Pint-sized dog inspires Bad Walter’s big-tasting ice cream – J.

Sydney Arkin spent her entire adult life thinking she wanted to work in advertising. But she began to have doubts about the career she had chosen. “It just wasn’t as satisfying as I thought it would be,” she said.

Then, at the start of the pandemic, she was fired.

While others were stocking up on toilet paper, she went out and bought 11 pints of ice cream, all at once. And then, worrying about possible shortages of her comfort food, she thought, “I’d better learn how to make some myself.”

In a now-common story, what started as a pandemic hobby is now a business: Bad Walter’s Bootleg Ice Cream.

Why ice cream? It’s the ultimate comfort food.

And why lactose-free ice cream? Because Arkin, 33, has lots of lactose-intolerant Jewish friends. She did it for them.

Walter gets some final licks of Bad Walter’s Bootleg Ice Cream, which comes in human and canine flavors.

When she was growing up in Manhattan as a young competitive gymnast, her parents used to bribe her with not one but two scoops of ice cream (she says she’s both blessed and cursed with a metabolism that can the supporter).

“Also, I grew up with a mother who had the worst diet you could imagine,” she said. “We were a household that would have Froot Loops for dinner. The ice cream was perfectly acceptable all the time. (Froot Loops has a starring role in a few Bad Walter flavor combos.)

Arkin attended the Ramah camps, but during the school year, gymnastics took precedence over Hebrew School. Later, when she was involved with United Synagogue Youth, she felt like she had missed something. So she decided to learn Hebrew in high school and then do a bat mitzvah.

“I absolutely loved it,” she said. “Although I am quite agnostic, culture and traditions are very important to me.”

But back to the other culture close to his heart: ice cream. She started making it in her Oakland kitchen, then when a friend’s wedding was called off during the pandemic and six friends celebrated in a backyard, her ice cream made its public debut.

“You should sell that,” was the response from one of the guests, who was a longtime friend. That would be Marc Schechter, founder of Square Pie Guys pizza. When someone successful in the food industry tells you such a thing, it behooves you to pay attention.

Bad Walter was born – named after his “little terrorist” chihuahua, Walter.

Arkin started selling the ice cream from his house, and it quickly caught on. She only makes one or two flavors at a time. Her trademark is unique flavor combinations she develops from scratch, often giving them tongue-in-cheek names.

Sydney Arkin whips up a batch of Bootleg ice cream from Bad Walter.
Sydney Arkin whips up a batch of Bootleg ice cream from Bad Walter.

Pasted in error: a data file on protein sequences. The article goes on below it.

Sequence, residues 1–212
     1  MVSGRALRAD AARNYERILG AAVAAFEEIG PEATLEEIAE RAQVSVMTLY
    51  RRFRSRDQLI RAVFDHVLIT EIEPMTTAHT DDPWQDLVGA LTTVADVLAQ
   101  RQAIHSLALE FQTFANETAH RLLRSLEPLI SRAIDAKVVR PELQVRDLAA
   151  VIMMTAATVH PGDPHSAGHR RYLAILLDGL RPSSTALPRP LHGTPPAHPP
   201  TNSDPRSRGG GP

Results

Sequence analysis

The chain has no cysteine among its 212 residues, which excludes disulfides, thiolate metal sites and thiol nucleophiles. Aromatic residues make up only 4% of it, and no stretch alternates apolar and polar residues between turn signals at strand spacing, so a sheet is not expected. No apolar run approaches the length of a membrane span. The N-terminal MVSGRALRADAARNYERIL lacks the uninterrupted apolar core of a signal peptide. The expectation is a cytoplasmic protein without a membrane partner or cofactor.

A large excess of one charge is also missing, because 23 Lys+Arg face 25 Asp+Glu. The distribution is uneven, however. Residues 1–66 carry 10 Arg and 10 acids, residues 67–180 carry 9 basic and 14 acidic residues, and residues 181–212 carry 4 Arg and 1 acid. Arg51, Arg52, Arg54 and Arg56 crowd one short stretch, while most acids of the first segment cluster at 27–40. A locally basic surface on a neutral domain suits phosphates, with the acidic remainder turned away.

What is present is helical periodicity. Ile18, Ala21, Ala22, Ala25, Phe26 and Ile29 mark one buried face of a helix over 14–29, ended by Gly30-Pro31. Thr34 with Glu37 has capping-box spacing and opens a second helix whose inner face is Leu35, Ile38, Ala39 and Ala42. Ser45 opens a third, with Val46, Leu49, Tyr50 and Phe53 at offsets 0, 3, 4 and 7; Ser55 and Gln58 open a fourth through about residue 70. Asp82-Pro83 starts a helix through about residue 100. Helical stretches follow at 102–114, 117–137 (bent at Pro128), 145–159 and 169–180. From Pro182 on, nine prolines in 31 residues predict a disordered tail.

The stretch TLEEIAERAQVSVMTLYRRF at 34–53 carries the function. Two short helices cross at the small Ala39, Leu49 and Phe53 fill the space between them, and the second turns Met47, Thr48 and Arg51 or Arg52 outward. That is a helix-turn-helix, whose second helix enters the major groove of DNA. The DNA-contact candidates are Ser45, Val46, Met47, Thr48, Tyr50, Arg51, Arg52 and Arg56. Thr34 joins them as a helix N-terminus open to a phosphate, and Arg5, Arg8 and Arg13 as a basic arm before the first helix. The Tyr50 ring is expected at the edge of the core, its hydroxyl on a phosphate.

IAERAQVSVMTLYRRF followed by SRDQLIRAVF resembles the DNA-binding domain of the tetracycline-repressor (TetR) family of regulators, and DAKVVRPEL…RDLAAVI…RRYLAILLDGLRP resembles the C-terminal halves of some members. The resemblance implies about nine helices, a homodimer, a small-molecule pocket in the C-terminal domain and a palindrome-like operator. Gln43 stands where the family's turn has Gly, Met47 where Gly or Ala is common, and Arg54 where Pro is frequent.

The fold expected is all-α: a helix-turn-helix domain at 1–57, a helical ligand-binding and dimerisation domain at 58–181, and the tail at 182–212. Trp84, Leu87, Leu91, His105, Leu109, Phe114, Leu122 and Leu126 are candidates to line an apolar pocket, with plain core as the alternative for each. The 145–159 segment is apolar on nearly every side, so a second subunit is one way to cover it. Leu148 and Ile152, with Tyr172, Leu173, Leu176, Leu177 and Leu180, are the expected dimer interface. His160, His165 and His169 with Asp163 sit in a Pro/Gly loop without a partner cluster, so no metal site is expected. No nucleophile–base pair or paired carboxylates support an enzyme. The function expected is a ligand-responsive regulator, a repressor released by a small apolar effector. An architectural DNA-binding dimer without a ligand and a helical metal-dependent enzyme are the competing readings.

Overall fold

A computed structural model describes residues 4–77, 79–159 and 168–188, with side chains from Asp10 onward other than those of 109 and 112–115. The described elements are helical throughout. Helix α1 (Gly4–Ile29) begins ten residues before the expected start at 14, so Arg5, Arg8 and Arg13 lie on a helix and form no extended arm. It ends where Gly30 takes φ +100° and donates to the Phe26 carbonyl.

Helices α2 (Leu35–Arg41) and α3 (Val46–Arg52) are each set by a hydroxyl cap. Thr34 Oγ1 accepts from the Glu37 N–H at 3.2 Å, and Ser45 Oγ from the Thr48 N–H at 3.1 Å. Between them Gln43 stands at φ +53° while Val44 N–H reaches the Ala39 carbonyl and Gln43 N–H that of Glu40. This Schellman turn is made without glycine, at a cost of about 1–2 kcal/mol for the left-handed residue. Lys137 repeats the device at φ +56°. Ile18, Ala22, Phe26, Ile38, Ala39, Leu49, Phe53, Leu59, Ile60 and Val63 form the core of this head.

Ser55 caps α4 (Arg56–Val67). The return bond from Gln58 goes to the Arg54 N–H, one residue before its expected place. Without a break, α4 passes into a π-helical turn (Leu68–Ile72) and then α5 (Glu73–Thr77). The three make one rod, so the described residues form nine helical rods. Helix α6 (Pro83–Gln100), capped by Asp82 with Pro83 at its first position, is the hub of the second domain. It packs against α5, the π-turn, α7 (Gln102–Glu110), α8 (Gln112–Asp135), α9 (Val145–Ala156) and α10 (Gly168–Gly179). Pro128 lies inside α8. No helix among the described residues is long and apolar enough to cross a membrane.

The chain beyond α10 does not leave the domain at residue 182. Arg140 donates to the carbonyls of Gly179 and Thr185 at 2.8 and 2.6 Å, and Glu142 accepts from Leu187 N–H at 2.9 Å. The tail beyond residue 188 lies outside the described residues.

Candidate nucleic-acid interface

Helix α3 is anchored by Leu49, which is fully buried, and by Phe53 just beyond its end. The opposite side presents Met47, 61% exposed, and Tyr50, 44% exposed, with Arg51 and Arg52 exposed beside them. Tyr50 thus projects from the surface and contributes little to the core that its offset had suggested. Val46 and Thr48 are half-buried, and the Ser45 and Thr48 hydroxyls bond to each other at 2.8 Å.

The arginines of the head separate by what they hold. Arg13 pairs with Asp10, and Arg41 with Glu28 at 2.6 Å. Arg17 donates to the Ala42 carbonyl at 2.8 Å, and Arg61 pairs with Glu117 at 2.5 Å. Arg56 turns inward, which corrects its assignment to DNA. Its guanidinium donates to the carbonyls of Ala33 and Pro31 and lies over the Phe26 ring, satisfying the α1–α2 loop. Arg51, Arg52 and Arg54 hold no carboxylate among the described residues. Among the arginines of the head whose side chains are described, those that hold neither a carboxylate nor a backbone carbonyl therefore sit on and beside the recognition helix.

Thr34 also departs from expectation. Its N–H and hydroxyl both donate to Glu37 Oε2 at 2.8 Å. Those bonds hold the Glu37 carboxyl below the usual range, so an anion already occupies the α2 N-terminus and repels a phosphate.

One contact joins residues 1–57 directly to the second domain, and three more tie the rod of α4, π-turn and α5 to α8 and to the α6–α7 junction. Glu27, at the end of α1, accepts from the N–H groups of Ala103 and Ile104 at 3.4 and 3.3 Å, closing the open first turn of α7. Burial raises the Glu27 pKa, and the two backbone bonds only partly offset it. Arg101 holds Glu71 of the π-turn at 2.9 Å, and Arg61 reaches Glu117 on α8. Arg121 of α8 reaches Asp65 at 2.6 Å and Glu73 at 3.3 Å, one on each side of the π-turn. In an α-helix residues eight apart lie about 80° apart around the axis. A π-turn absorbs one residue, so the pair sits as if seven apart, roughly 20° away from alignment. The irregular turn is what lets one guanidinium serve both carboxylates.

Mick Jagger is brown sugar custard with Oreos and salted caramel swirls; Stroll Through Provence is lemon ice cream with swirls of blackberry jam and a lavender cookie crumble; Breakfast in bed is retro vanilla custard, cara cara orange custard (with a splash of prosecco), and caramelized cornflakes. Arkin’s most popular flavor to date is Slumber Party, which is Ritz cracker ice cream with thick chocolate fudge swirls, hazelnut butters, and Reese’s Chunks.

“It tastes like being 12,” she said. “I didn’t think anyone would be excited about this, but it really works.”

For Hanukkah, she made Rolling in Gelt (chocolate with chocolate covered potato chips and olive oil) and Sufganiyot, using Donut Savant’s donut sufganiyot, jam and a swirl of icing . For Passover, Elijah’s Munchies combined sweet ice cream, matzah cracker, macaroons and a swirl of wine and berry jam.

Arkin’s advertising background means she has marketing knowledge. Every Wednesday, she posts the next Bad Walter flavor to Instagram with a food-porn shot of an overloaded spoon against a colorful background. Customers place their orders (pints, which cost $13.50, often sell out in minutes), then pick up takes place on Saturdays at his workspace, the Korner Kitchen in Oakland’s Fruitvale neighborhood. Convenient it isn’t, but the system works for those who are always on the hunt for the next delicious thing.

“People are more willing to do that here,” she said. “There are so many pop-ups that do this and sell out immediately. I think that might even be part of the fun of being aware of something new.

And for people who bring their dogs when they pick up their orders, Bad Walter’s also has a flavor for the pooches: peanut butter (served in a 1 oz mug).

Arkin doesn’t know where she’ll go with Bad Walter’s, but at this point she’s not thinking about retail or scoop stores. Maybe an ice cream truck is more his style.

“My favorite thing about making ice cream is that it’s fun,” Arkin concluded. “There’s a reason it’s a universal comfort food and why people turn to it on vacation as well as as a reward and after breakups. It makes everything better.

A version of this story first appeared on and is republished with permission.

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